Presidential Sessions Engage Attendees in Compelling Issues in Education Research
Presidential Sessions Engage Attendees in Compelling Issues in Education Research
 
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May 2022

The 2022 Annual Meeting Presidential Sessions provided rich and compelling content for attendees to reflect on the theme “Cultivating Equitable Education Systems for the 21st Century.” These 40 sessions, developed by AERA President Na’ilah Suad Nasir and 2022 Presidential Program Co-Chairs Tryphenia Peele-Eady and Elizabeth Tipton, covered a wide range of important topics such as the proposed limitations on teaching about racial injustice and the effects of COVID-19 on higher education.

Gloria J. Ladson-Billings (center) and
Mark Rosenbaum (shown on screen)

In the session “‘In the Face of What We Remember:’ Why We Must Talk About Race in Education,” panelists Gloria J. Ladson-Billings (University of Wisconsin, Madison) and Mark Rosenbaum (Public Counsel Opportunity Under Law) joined to explore the question of race in education in response to recent proposed and passed legislation that limits or prohibits critical race theory.

Ladson-Billings noted that there is an opportunity in education to make things better and be proactive post-pandemic. Rosenbaum agreed that the pandemic did not create inequities, it exacerbated them. The panelists agreed that we must be willing to talk about uncomfortable topics in order to learn and that all children have the basic right not only to education but also to the opportunity to become engaged members of a civic society.

The session “COVID-19 and Higher Education: Cultivating New Pathways to Higher Learning and Equity” featured presenters Tangela Blakely Reavis (Saint Mary’s College of California), Kelly Slay (Vanderbilt University), Christine Park (University of Hawaii), Bradley Ashburn (University of Hawaii), Joshua Lelemia Irvina (University of Hawaii), Lynette Maria Williamson (University of Hawaii, West Oahu), Cassandra M. D. Hart (University of California, Davis), and Calley Marotta (Utah Valley University).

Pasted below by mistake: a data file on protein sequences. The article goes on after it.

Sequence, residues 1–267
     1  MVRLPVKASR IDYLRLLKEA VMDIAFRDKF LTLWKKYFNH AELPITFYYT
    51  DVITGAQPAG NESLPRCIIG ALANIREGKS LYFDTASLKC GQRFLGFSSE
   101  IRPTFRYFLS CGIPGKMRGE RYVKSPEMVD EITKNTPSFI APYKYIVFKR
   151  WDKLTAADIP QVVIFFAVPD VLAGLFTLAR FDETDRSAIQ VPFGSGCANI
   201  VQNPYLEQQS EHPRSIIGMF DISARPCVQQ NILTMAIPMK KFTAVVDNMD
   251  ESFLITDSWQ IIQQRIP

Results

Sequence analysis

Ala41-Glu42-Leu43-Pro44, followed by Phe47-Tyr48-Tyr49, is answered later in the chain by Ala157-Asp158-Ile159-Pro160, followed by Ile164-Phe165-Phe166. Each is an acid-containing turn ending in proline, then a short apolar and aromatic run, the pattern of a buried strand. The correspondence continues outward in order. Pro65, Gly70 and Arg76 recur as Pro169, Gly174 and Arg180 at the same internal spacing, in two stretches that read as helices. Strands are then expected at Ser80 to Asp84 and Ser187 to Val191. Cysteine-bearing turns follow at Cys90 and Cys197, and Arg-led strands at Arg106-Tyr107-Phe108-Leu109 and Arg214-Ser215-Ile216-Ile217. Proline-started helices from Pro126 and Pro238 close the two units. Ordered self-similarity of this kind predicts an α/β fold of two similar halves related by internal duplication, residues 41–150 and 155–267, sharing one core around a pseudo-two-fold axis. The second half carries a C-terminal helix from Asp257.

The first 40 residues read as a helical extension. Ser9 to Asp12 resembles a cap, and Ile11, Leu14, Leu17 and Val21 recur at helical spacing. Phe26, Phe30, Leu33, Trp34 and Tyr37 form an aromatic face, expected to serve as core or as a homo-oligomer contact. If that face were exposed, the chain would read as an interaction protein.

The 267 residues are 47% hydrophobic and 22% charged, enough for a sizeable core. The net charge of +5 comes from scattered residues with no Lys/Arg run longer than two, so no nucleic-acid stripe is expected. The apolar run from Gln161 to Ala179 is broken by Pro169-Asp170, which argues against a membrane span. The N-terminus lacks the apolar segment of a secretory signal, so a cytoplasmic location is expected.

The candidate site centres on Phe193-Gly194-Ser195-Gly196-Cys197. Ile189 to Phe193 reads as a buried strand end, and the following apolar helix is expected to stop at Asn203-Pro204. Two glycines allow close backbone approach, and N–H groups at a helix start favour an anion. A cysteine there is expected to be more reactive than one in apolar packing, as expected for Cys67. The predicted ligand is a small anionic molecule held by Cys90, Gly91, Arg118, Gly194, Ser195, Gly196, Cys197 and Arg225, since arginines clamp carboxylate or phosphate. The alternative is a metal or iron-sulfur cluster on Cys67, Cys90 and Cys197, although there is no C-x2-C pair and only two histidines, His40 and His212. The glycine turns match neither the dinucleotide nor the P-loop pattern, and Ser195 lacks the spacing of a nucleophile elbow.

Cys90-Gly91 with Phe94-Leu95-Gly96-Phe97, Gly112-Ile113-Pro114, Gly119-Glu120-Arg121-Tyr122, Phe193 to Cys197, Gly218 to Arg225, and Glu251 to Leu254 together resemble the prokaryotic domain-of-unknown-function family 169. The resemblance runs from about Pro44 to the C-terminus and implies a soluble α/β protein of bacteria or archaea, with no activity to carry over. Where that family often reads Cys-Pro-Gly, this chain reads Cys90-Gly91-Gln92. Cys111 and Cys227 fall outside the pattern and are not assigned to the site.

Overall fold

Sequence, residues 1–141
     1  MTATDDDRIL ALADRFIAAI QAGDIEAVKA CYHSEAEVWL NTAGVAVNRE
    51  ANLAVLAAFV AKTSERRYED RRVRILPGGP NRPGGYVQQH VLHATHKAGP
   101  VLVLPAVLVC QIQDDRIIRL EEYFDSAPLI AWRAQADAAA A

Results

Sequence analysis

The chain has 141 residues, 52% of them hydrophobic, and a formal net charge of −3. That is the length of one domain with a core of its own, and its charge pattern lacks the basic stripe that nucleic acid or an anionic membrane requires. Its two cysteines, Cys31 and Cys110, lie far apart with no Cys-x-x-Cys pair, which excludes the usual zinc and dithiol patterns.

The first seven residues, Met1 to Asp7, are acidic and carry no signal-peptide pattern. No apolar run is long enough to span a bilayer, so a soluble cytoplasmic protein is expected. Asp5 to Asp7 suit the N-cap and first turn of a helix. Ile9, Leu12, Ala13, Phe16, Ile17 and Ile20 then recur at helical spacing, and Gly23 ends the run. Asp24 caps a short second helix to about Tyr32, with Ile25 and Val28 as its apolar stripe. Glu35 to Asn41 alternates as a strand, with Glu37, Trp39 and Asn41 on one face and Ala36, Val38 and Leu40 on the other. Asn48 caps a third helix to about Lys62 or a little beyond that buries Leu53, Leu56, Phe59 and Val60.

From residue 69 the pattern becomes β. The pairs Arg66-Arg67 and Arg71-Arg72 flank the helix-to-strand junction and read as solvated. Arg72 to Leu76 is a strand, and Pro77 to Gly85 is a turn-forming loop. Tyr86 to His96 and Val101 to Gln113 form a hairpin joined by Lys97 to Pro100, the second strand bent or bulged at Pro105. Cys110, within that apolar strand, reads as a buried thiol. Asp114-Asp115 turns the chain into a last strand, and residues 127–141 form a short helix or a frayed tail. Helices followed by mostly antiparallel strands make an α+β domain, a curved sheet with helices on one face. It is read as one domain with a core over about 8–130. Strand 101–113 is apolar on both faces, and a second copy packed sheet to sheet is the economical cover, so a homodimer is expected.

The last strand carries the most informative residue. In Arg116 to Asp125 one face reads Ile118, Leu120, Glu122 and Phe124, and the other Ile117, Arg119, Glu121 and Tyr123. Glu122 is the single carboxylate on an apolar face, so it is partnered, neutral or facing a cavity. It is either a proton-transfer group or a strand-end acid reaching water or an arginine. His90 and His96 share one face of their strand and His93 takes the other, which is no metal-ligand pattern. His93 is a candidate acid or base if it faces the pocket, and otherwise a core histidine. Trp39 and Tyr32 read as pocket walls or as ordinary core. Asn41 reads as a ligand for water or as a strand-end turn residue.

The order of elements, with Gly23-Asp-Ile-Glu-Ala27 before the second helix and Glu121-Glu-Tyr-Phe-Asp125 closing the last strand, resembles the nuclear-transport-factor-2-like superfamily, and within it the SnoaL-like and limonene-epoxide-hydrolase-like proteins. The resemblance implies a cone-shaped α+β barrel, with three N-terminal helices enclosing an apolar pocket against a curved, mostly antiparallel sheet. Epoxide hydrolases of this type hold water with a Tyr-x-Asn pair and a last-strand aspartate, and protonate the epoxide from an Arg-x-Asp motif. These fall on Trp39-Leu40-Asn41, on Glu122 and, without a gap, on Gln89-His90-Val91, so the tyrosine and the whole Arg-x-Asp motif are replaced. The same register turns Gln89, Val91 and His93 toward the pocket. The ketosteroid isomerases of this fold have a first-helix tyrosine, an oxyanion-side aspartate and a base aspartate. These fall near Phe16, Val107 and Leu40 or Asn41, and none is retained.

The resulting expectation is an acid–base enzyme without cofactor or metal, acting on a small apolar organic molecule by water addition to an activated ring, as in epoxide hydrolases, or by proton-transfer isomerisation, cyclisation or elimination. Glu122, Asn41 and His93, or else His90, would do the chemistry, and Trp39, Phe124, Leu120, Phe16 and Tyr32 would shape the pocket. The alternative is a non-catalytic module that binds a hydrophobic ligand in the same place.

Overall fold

Featured presenters for "COVID-19 and Higher Education: Cultivating New Pathways to Higher Learning and Equity” and ASL interpreter (bottom right)

The session explored how the COVID-19 pandemic has reshaped higher education campus environments and climates across the globe. In some places the adaptation has meant governance challenges and decision fatigue and in other places a shift in focus to community-based strengths and identifying new possibilities. Panelists described their research on the effects of the pandemic and how research can bring systematic, evidence-based changes that center on intersectional racial equity in particular.

“We have seen learning loss across the board,” said Blakely Reavis. “However, in majority Black schools, the ‘education debt’ has widened even more behind their majority White school peers. This is true for all students of color. We need to continue to pay attention to it and call it out.”

From left to right:  Na’ilah Suad Nasir, Carol D. Lee, and James D. Anderson. Lee presented “How Can the Science of Human Learning and Development Inform Preparing Students to Engage in Civic Reasoning?

Other notable sessions included “What Happened to Diversity and Equity When Admissions Became Optional?” and “How Can the Science of Human Learning and Development Inform Preparing Students to Engage in Civic Reasoning?” These sessions focused on charting a more equitable future in admissions testing and transforming the opportunities for young people to prepare for the complex and consequential challenges of civic engagement and democracy.

A complete listing of all Presidential Sessions is available on the AERA website.

 
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